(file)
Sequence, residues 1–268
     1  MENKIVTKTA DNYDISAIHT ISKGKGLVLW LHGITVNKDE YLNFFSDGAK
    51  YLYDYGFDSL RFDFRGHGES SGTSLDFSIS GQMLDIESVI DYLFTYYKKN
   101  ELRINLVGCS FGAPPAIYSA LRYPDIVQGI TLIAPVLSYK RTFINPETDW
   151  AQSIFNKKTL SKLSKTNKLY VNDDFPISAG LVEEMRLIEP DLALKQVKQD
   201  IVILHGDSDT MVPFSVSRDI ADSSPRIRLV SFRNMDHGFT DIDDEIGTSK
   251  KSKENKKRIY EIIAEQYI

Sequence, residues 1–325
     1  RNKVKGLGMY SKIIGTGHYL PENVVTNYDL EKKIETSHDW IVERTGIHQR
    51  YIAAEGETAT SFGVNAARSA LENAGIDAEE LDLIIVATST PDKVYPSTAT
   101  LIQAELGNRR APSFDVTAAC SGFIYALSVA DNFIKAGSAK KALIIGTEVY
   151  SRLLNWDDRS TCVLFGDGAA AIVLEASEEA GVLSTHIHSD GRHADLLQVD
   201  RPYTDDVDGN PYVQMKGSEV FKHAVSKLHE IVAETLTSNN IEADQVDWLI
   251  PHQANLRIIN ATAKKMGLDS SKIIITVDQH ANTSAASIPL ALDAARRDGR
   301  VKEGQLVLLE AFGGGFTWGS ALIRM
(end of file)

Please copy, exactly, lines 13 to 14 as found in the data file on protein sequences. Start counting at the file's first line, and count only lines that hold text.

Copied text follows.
   201  RPYTDDVDGN PYVQMKGSEV FKHAVSKLHE IVAETLTSNN IEADQVDWLI
   251  PHQANLRIIN ATAKKMGLDS SKIIITVDQH ANTSAASIPL ALDAARRDGR